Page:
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Guangzhou Come Up Clutch, Dragons Sweep Spark

Bradley Long  | 
Guangzhou

Guangzhou picked up a big win behind the clutch performance of nero. (Photo Courtesy Robert Paul for Blizzard Entertainment)

When it comes to entertainment value, Chinese Overwatch always delivers. With the four Chinese teams back in action for their second week of play, again the results are enough to leave you in awe.

This time it was the battle between the Guangzhou Charge and Chengdu Hunters that had all the twists of a grade-A thriller. The Charge emerged battered and bruised, but with a big win to bolster them in the highly competitive region.

They’re joined at 2-1 by the Shanghai Dragons who once again looked dominant in a 3-0 sweep of the Hangzhou Spark. With some spicy rematches coming on Monday, let’s take a look at how Guangzhou and Shanghai rose to the occasion this week.

Dragons Return to Form

Last week was a strange debut for Shanghai. Their opening win over the Charge made them seem every bit the juggernaut they were projected to be. The DPS duo of LIP and Fleta looked like a contender for best in the league. New additions Void and Stand1 were an extremely solid tank line. LeeJaeGon and Izayaki showed off mechanics that can make them elite.

Then, they ran into the Chengdu Hunters. Thrown off completely by the Hunters’ unorthodox style, Shanghai couldn’t find any answers on the way to an 0-3 loss. Coming into week nine, they had an opportunity to regain their status as top dogs.

They seem to have done exactly that with a convincing victory against Hangzhou. From start to finish, the Dragons were in the driver’s seat, bullying Spark with aggressive play. Void and LIP, in particular, took over the series, building ult charge far faster than their opposite numbers.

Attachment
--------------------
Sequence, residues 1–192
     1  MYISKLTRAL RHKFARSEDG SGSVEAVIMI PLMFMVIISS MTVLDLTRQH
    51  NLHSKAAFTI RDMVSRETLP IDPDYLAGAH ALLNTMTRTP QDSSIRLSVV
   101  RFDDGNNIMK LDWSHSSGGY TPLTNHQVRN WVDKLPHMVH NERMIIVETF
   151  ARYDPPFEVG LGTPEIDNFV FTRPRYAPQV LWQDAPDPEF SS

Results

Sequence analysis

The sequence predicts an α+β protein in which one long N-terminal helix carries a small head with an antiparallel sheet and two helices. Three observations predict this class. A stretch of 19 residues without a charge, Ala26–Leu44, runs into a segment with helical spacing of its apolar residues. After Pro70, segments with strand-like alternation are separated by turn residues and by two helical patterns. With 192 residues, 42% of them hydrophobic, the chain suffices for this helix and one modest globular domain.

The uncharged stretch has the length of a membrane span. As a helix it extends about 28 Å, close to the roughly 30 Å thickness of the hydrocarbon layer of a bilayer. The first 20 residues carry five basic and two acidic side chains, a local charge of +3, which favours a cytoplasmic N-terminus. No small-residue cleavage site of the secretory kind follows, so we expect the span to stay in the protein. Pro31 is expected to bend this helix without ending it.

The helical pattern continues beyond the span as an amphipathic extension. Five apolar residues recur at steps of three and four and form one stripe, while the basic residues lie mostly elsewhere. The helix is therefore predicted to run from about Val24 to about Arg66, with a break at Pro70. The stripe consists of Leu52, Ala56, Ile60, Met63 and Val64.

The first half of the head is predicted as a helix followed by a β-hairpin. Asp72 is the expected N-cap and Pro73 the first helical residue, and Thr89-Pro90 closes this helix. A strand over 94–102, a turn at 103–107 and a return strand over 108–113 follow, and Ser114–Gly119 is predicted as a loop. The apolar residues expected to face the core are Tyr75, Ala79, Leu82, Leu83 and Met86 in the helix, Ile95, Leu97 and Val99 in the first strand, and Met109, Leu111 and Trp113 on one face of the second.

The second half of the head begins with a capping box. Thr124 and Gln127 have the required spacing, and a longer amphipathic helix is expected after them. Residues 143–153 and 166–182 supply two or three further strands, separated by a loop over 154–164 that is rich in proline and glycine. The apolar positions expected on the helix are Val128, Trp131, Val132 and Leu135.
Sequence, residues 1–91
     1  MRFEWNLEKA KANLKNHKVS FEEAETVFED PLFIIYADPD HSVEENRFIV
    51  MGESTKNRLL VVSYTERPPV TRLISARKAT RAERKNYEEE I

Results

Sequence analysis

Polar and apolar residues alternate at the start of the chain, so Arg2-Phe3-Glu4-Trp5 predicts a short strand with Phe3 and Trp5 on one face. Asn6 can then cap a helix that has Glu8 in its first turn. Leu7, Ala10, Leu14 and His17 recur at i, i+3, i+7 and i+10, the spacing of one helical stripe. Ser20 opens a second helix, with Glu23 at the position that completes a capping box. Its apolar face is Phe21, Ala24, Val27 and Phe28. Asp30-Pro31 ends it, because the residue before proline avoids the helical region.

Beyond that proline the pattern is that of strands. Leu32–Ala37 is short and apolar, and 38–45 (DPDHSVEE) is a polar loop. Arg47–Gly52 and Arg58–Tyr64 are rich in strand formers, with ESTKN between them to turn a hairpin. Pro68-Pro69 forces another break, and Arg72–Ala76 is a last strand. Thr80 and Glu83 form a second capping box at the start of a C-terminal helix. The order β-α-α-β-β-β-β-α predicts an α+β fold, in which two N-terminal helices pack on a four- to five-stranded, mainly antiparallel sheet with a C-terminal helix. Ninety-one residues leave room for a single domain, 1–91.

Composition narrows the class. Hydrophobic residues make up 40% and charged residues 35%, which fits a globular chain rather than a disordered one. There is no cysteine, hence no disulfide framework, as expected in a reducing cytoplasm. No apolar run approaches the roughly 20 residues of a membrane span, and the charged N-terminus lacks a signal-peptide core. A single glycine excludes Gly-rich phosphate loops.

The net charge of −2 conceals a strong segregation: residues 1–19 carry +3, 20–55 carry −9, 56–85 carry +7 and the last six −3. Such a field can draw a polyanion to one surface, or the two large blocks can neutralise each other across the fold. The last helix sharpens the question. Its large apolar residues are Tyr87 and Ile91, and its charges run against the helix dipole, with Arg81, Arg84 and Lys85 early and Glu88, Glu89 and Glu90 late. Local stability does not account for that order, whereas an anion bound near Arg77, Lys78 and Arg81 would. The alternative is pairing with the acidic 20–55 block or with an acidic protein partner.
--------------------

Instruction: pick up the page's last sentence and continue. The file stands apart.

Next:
Part of that was definitely Shanghai’s style, relying less on LIP to find individual hacks with Sombra and more on his ability to farm EMP at hyperspeed. He was also extremely in sync with his team, setting them up for big opportunities with his ultimates.

Hangzhou made it a fight on Ilios, thanks to some clutch individual plays. Sasin put in work on Zarya on Ruins, and iDK tried his damnedest to boop the Spark to a win. It wasn’t enough though, and the series quickly got out of hand.

The Dragons took over from there, with blistering attacks on both Paris and Dorado that the Spark just couldn’t match. Every time it seemed like Hangzhou was finding a foothold to make a comeback, the Dragons always managed to shut it down. Whether it was the flashy EMPs or the little things like Fleta stalling to buy time for reinforcements on Dorado, the Dragons had the answers every time. Combine that with their immense skill across the roster, and it’s easy to see why they’re the most dangerous team in China.

Guangzhou Take Down Chengdu In Map 5

Where the first series of the day went mostly by the books, this one pulled a Dead Poet’s Society and started ripping up the book from minute one. That’s to be expected when the Hunters are involved, but with Wrecking Ball out of the rotation this week, it was unclear exactly what to expect from this team.

Instead of Ameng in the lineup, it was ATing making his OWL debut for the Hunters. He came out playing a lot of Winston to mixed results. His pick was largely countered by Guangzhou’s meta comps featuring Reaper and Reinhardt, but he still found openings. Chengdu was trying to replicate their normal style by playing mostly dive, so ATing was mostly there to make space for the rest of the team.